The 28th Climate Summit (COP28) is being held at Expo City Dubai (Image by Unfccc)
A total of 134 countries, including Spain, on Friday endorsed a declaration at the 28th Climate Summit (COP28), being held in Dubai (United Arab Emirates), committing to adapt and transform their agriculture and food systems within the framework of their national climate plans.
The ‘Declaration on Sustainable Agriculture, Resilient Food Systems and Climate Action’ commits signatory governments to formally influence food and agriculture in their national climate commitments for the first time, and to increase funding for this purpose.

Food has long been a secondary issue at Climate Summits, despite accounting for a third of global emissions and being highly vulnerable to climate impacts.

The Declaration sends a clear signal that food is now firmly on the climate agenda, but according to some sourcess, the rhetoric will have to be turned into reality with clear actions, targets, timetables and financing for food systems in new national climate plans before COP30 in 20


The text, reported by Servimedia, indicates that the signing heads of state and government recognise that “unprecedented adverse climate impacts increasingly threaten the resilience of agriculture and food systems, as well as the ability of many, especially the most vulnerable, to produce and access food in the face of hunger, malnutrition and growing economic stress”.

Furthermore, the leaders underline “the need to progressively realise the right to adequate food”, as well as to ensure “access to safe, sufficient, affordable and nutritious food for all”.

They also note that agriculture and food systems are “central to the lives and livelihoods of billions of people, including smallholder farmers, family farmers, fisherfolk and other food producers and workers”.

“Any pathway to fully achieve the long-term goals of the Paris Agreement must include agriculture and food systems. We affirm that agriculture and food systems must urgently adapt and transform to respond to the imperatives of climate change,” they say.

They therefore commit to reduce the vulnerability of farmers, fishers and other food producers to the impacts of climate change, including through financial and technical support; increase efforts to support vulnerable people with social protection systems; support workers whose livelihoods are threatened by climate change; strengthen integrated water management in agriculture and food systems at all levels; and maximise climate and environmental benefits associated with agriculture and food systems.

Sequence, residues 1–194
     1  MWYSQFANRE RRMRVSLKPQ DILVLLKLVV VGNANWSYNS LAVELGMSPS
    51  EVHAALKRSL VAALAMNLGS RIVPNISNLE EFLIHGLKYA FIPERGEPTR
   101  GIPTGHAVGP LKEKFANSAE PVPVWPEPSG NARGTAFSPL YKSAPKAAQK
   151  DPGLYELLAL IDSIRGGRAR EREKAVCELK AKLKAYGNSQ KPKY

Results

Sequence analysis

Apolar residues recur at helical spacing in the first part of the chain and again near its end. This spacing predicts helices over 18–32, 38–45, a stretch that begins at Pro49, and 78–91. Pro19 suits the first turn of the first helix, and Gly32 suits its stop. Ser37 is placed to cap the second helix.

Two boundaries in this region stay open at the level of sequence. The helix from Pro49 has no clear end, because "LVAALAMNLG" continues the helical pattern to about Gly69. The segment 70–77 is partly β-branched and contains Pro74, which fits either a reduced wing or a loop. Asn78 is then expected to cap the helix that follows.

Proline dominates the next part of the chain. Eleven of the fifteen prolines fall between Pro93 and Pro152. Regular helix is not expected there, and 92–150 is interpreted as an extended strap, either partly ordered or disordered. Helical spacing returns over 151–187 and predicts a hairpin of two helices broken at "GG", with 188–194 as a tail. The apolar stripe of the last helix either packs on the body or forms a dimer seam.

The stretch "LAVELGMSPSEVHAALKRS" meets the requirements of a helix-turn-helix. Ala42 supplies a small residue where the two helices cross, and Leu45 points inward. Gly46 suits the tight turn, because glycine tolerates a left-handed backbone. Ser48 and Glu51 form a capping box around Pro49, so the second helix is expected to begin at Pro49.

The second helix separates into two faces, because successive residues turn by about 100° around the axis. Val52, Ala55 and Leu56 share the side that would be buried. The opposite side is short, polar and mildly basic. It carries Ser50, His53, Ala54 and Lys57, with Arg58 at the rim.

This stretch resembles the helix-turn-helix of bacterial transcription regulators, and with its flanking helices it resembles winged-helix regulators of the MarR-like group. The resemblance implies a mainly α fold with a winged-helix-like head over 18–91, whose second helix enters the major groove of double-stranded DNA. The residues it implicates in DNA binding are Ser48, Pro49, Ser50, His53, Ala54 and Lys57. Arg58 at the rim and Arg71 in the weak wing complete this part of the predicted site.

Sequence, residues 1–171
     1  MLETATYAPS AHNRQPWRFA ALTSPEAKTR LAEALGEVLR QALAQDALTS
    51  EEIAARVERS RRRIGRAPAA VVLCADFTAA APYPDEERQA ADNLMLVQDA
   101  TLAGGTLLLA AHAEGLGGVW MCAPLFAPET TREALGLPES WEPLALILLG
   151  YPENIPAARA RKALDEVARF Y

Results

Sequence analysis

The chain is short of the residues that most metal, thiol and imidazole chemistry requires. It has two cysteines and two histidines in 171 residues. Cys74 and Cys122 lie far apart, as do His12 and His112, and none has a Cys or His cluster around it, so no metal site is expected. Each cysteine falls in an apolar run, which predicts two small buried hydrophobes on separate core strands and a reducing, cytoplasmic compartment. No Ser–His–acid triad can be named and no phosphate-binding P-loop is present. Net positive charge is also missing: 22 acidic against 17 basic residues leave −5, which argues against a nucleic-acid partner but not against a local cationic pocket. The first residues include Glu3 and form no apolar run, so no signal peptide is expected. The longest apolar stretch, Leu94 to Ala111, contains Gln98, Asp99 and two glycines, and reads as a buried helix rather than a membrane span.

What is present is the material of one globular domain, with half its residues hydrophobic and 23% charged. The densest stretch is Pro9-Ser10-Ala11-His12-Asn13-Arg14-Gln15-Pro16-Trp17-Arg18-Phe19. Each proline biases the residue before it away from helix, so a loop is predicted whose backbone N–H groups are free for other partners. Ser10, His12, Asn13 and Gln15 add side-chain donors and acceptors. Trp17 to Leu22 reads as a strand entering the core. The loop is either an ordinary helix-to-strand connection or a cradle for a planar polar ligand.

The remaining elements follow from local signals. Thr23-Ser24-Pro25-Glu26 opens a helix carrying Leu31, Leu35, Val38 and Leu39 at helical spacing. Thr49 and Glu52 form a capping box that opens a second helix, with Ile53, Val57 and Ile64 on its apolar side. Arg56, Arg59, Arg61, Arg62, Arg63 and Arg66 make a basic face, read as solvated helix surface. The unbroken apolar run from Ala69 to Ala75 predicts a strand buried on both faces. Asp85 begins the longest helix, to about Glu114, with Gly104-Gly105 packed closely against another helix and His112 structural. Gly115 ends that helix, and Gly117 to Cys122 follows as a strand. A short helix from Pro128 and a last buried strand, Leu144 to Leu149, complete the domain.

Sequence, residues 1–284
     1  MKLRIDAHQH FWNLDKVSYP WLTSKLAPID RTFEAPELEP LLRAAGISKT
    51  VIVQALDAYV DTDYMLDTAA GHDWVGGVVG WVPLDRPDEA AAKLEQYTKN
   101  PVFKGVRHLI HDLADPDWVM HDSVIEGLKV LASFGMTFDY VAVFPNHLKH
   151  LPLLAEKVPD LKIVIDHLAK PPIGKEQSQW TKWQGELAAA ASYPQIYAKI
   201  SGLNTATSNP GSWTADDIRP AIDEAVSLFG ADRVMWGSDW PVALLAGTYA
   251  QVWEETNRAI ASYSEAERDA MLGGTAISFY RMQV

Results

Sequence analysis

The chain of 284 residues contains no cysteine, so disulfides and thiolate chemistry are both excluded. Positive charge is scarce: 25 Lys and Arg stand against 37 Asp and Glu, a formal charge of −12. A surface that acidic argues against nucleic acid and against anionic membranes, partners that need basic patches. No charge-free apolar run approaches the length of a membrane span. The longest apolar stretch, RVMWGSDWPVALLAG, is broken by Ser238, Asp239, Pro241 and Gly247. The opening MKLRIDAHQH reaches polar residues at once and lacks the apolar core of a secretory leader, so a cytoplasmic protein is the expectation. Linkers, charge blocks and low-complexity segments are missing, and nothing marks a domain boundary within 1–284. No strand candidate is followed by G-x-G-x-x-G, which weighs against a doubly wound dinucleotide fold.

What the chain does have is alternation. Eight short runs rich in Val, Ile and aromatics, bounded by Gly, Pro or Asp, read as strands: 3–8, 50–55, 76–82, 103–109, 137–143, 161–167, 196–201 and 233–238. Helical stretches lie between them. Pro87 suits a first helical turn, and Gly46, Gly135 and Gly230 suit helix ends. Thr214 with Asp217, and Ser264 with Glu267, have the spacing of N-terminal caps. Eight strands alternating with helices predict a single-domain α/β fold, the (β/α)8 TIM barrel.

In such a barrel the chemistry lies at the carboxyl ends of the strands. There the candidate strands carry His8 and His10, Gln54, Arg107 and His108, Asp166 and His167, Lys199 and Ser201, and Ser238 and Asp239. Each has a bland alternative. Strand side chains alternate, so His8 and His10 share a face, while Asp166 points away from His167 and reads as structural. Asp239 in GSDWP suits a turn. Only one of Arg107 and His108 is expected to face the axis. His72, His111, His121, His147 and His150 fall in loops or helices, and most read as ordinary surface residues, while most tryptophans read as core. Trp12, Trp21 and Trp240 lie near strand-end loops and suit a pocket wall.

Following the launch of the Declaration, Sophie Nodzenski, strategist for Greenpeace International’s Food and Agriculture Campaign, said that addressing emissions from food systems “is not optional”.

“Ending fossil fuel use is essential to meeting global climate goals, but transforming the global food system is a necessary and complementary piece of the puzzle. We welcome the political momentum of this Declaration”.

Not surprisingly, Greenpeace stressed that the Declaration is “only a starting point” and that the hard work will be on a country-by-country basis, as some countries with significant emissions from their food systems will have to reduce them.

In addition, Greenpeace called for clear targets and milestones for agriculture’s transition, such as reducing absolute emissions of greenhouse gases such as methane and nitrous oxide; reducing consumption of animal protein and supporting increased production and consumption of plant-based foods; and a just transition from macro-farms and monocultures to agroecology.

Elizabeth Nsimadala, president of the East African Farmers’ Federation, which represents 25 million smallholder farmers, said the Declaration is “the starting signal” for the transformation of food systems.

“The world’s 439 million smallholder family farmers are the key to bringing about the necessary changes. To ensure we can play our role, we need a real voice in food and climate decisions and more direct access to climate finance: we produce a third of the world’s food, but receive only 0.3% of international climate finance,” Nsimadala said.


Hilal Elver, former UN special rapporteur on the right to food and member of the Steering Committee of the High-Level Panel of Experts on Food Security and Nutrition, commented that food systems cause a third of global emissions of global warming gases and are “one of the main drivers of wild visa loss”.

“It is time for the COP to put them on the main menu. Food and agriculture must be at the heart of new climate plans and financing if we are to deliver on the Paris agreement and have enough nutritious food for all,” he added.

Esther Penunia, secretary general of the Asian Farmers’ Association for Sustainable Development, a regional alliance of national farmers’ organisations representing 13 million family farmers, stressed that the Declaration is “an important milestone on the road to a more resilient and sustainable food system”.

“The real work starts now. Governments need to work with family farmer networks to ensure that the promises made in Dubai are translated into concrete policies and funding to support small-scale producers – who produce a third of the world’s food – and promote a shift towards more diversified and nature-friendly agriculture,” he concluded.